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Hiding this Beautiful Wood Grain… Why?

Front Door System - Before Refinishing

Front Door System – Before Refinishing

One of our specialties as painting and decorating contractors, in the Chicago area, is the refinishing of wood front door systems and wood garage doors. In the past four weeks, we have refinished about a dozen of those doors. One of them has a particularly interesting story.

A client in Elmhurst was very unhappy with her front door entrance, which consisted of a mahogany door, two side lites and a canopy. For reasons that were not too clear, the person who last refinished the door applied a heavy coat of opaque stain. It virtually looked like a solid-color stain and no wood grain could be seen, as shown in the “Before” picture we attached.

After twelve hours of stripping the old finish off, the beautiful mahogany wood grain was again revealed. The owners were elated! The finishing consisted of two coats of tinted satin varnish and an additional coat of clear. The result speaks for itself. Take a look at the “After” shot. Which one do you prefer?

Front Door System - After Refinishing

Front Door System – After Refinishing

Wood exterior doors are an expensive investment for the homeowner, one that is subjected to all the abuses weather has to offer. To keep up their good looks and protect their investment, homeowners have to invest in the periodic maintenance of those doors. We have the expertise to do the required maintenance or complete refinishing of the doors. Bringing beautiful wood grain back to life and preserving the doors from the elements give us much satisfaction as house painters.

Restoring Vintage Metal Cornices and Bay Windows

Chicago is well endowed with vintage masonry buildings that boast elaborate cornices and bay windows. Most of these buildings were built in a thirty-year period, ranging from the latter part of the1880’s to late in the1910’s. Some of these buildings were commercial in nature and were erected right next to the sidewalk. Others were residential and were often set back on the property. In either case, the maintenance of the metal ornamentation required the erection of scaffolding. Because of the high cost of creating safe access, the maintenance of the metal surfaces was often neglected for decades, often compromising the integrity of the metal structures. When the paint job looked bad enough, the owners often did the cosmetic work, but cut short the metal repair work. In doing our metal restoration work, we have encountered numerous situations where duct tape had been used to cover a hole and painted over.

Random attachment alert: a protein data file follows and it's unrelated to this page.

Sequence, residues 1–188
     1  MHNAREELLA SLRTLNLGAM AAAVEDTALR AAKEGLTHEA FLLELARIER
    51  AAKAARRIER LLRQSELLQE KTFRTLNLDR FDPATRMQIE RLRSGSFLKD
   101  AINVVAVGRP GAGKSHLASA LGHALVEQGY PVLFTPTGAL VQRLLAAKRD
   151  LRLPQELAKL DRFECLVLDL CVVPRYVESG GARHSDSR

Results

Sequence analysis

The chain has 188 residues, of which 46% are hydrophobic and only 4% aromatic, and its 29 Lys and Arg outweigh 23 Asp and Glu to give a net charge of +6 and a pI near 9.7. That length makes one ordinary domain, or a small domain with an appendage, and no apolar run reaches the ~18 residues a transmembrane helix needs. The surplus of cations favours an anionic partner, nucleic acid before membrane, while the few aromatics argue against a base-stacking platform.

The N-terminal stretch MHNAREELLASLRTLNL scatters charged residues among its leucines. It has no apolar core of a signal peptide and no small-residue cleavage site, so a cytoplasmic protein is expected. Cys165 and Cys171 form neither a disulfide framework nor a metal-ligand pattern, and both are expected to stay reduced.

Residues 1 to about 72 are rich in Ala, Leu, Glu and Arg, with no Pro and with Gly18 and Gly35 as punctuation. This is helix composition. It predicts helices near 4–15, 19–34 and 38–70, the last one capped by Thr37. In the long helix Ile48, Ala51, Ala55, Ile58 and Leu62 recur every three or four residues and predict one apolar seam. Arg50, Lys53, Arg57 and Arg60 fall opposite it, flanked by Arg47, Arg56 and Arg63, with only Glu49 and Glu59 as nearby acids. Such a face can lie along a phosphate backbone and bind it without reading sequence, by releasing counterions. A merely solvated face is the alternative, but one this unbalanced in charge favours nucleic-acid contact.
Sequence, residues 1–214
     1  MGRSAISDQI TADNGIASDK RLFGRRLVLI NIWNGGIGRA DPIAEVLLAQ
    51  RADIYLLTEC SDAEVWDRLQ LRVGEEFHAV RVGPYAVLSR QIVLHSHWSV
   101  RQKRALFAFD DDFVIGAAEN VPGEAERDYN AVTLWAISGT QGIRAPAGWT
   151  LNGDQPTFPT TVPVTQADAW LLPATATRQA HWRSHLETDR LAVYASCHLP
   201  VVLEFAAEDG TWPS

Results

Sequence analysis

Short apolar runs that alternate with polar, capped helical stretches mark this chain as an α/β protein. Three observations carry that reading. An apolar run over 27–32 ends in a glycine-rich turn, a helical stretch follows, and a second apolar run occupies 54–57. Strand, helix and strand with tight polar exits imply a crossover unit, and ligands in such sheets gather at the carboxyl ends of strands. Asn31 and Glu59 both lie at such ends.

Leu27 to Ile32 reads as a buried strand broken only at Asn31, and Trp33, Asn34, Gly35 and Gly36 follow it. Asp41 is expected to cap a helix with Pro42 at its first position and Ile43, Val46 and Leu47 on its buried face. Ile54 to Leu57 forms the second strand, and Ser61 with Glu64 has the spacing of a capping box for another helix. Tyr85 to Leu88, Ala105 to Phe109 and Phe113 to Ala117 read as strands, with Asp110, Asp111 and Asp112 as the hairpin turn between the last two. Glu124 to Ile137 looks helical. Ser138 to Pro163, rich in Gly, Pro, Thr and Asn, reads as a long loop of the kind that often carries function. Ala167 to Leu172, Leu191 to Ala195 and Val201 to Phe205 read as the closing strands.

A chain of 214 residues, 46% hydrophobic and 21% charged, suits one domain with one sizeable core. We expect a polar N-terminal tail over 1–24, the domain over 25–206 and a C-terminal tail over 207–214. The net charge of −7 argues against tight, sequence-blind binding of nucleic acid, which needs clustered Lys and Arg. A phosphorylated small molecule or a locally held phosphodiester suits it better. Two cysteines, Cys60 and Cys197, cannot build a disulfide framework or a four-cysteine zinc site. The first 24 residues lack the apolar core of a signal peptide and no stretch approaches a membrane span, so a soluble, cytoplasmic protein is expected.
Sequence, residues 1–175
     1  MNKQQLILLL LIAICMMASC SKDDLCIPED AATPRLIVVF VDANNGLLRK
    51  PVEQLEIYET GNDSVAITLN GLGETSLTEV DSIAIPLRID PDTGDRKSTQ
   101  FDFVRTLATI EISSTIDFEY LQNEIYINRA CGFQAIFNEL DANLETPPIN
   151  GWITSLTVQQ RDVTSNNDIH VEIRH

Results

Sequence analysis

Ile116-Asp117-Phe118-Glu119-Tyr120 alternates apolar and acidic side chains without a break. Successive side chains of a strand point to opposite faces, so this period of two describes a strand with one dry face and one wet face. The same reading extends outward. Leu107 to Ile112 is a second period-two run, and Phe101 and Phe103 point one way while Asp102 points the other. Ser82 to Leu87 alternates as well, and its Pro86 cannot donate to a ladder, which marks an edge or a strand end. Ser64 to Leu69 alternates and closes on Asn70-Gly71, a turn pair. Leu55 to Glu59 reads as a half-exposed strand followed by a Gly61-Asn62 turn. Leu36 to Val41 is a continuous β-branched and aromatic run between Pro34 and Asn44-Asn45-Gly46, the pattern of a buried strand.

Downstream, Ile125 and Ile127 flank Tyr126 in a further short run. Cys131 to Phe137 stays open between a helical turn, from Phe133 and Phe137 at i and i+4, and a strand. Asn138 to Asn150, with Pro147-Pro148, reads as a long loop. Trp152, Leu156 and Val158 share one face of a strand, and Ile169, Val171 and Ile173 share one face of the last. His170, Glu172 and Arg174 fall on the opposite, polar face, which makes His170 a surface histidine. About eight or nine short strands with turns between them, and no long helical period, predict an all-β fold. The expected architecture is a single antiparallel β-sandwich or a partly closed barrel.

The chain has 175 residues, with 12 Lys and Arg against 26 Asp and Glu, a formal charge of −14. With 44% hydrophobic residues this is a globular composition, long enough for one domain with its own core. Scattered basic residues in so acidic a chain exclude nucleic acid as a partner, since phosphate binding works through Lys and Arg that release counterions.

Vintage Matal Cornice and Bay Window

Vintage Matal Cornice and Bay Window

This summer, we were contracted to restore the metal painted surfaces on two sides of an 1890 brick Victorian corner house. As shown in the picture, from a distance, everything appears pretty normal. However, a close inspection revealed that the metal surfaces had seriously corroded, split apart or fallen off in numerous places. These openings had created many points of access to water, as well as creating numerous habitats for birds. In all, about forty repairs had to be performed. In some cases, some pieces had to be fabricated to replicate the surrounding patterns. Some pieces had to be welded in place. For other pieces, rivets were used to secure them in place. We attached before and after pictures for your reference.

All the repairs were made using galvanized steel. As house painting contractors, before painting the new metal, we prep the steel by degreasing it and then priming it with an appropriate primer. Then we paint!

The clients that hire us see it as their duty and privilege to restore their “piece of history”. For us, doing this kind of work is our contribution to the preservation of Chicago’s architectural heritage.

Metal Restoration  Before 1

Metal Restoration Before 1

Metal Restoration After 1A

Metal Restoration After 1A

Metal Restoration Before 2

Metal Restoration Before 2

Metal Restoration After 2A

Metal Restoration After 2A

Two Newly Fabricated Pieces

Two Newly Fabricated Pieces

Repairing and Matching a Decorative Finish

Water-Damaged Ceiling Planks

Water-Damaged Ceiling Planks

As a painting and decorating contractor in the Chicago area, we are often asked to repair and match an existing decorative finish. We recently received such a request from a client. Her basement ceiling was clad with simulated wood planks made out of a material similar to that of acoustical tiles and wrapped in a vinyl that imitated rustic wood, including knots. The water had stained, bowed or destroyed seven of those boards. The entire ceiling covered about 500 square feet. The goal of this restoration project: Making it look like it never happened!

Achieving that goal is a lofty one. When you are the person who did the original work and have kept good records, the task is greatly facilitated. However, when it involves the work of others and no records exist, the task can be very challenging. This restoration project was of the latter sort.

Our carpenter’s investigation revealed that these planks were made in a tongue and groove style and that seven of the boards had been compromised. He concluded that the planks should replicated in wood, with the same dimensions, in the same tongue and groove style.

New Planks Grained to March Old Ceiling

New Planks Grained to March Old Ceiling